Zimbabwe Casinos

The entire process of living in Zimbabwe is something of a risk at the moment, so you may think that there would be little appetite for going to Zimbabwe’s casinos. In reality, it appears to be operating the other way around, with the awful economic circumstances creating a higher desire to gamble, to attempt to discover a fast win, a way out of the difficulty.

For almost all of the people living on the tiny local money, there are two established forms of gambling, the national lotto and Zimbet. Just as with almost everywhere else in the world, there is a national lottery where the odds of winning are surprisingly small, but then the prizes are also unbelievably big. It’s been said by economists who look at the concept that the lion’s share don’t purchase a card with the rational assumption of profiting. Zimbet is based on either the domestic or the English soccer leagues and involves determining the outcomes of future games.

Zimbabwe’s gambling dens, on the other foot, look after the very rich of the nation and tourists. Until recently, there was a exceptionally big vacationing industry, built on nature trips and trips to Victoria Falls. The economic collapse and connected conflict have cut into this market.

Amongst Zimbabwe’s gambling halls, there are 2 in the capital, Harare, the Carribea Bay Resort and Casino, which has 5 gaming tables and one armed bandits, and the Plumtree gambling den, which has only slot machine games. The Zambesi Valley Hotel and Entertainment Center in Kariba also has just one armed bandits. Mutare has the Monclair Hotel and Casino and the Leopard Rock Hotel and Casino, the pair of which have table games, one armed bandits and video machines, and Victoria Falls has the Elephant Hills Hotel and Casino and the Makasa Sun Hotel and Casino, both of which offer gaming machines and tables.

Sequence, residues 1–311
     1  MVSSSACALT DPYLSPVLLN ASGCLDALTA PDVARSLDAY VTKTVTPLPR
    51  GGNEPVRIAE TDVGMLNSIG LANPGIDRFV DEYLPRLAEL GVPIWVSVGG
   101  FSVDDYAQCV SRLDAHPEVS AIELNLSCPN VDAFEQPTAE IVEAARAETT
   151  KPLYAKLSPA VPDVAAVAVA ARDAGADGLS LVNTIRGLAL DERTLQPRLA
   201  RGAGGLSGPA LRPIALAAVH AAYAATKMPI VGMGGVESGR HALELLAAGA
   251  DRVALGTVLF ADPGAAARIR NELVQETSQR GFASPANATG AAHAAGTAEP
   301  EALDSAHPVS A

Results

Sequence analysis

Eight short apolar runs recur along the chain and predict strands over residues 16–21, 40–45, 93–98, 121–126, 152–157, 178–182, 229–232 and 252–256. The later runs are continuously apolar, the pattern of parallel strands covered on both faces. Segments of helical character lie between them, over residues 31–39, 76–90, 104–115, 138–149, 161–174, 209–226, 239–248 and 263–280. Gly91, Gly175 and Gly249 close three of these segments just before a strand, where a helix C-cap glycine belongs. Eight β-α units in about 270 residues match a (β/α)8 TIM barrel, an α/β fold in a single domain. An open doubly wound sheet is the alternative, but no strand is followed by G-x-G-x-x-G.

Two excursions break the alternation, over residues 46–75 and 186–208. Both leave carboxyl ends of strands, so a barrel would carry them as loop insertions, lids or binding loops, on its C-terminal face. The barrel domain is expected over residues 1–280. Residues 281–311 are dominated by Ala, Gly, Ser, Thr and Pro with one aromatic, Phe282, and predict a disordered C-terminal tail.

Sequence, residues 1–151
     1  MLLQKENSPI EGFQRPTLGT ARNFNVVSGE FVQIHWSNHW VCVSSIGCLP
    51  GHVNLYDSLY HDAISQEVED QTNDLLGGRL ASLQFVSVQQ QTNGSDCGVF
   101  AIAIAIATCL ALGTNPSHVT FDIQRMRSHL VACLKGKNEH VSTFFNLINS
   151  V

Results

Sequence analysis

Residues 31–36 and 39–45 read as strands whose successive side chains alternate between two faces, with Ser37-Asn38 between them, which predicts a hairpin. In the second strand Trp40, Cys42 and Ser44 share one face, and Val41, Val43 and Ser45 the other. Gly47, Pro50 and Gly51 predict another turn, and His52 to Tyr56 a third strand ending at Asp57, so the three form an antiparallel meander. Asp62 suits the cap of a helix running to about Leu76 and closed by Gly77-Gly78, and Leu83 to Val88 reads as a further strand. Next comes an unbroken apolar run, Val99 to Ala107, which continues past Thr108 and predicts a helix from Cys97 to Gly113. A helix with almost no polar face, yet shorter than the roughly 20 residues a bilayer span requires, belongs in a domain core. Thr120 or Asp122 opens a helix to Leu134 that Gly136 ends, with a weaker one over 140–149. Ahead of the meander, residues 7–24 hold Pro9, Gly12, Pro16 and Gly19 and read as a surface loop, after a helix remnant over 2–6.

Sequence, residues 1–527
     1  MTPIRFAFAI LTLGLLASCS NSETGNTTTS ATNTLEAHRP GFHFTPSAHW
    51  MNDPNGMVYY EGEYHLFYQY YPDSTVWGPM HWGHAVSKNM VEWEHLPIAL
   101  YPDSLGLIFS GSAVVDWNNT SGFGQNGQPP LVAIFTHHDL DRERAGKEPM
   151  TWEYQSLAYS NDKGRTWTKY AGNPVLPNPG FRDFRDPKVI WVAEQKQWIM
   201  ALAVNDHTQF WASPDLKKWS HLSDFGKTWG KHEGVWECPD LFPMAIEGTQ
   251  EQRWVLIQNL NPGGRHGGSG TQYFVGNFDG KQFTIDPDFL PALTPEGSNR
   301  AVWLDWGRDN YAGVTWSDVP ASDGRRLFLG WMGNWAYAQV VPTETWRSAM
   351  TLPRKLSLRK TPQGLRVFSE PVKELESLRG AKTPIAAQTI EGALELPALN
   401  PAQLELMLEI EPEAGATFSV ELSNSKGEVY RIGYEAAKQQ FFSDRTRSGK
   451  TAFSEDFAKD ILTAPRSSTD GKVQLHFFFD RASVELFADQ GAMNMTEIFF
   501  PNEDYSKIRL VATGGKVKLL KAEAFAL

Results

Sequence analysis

In addition to Zimbabwe’s casinos and the above mentioned lottery and Zimbet (which is quite like a pools system), there are also two horse racing tracks in the country: the Matabeleland Turf Club in Bulawayo (the second metropolis) and the Borrowdale Park in Harare.

Seeing as that the economy has shrunk by more than 40 percent in the past few years and with the connected poverty and conflict that has arisen, it isn’t understood how healthy the sightseeing industry which supports Zimbabwe’s gambling halls will do in the near future. How many of the casinos will survive until things improve is simply unknown.

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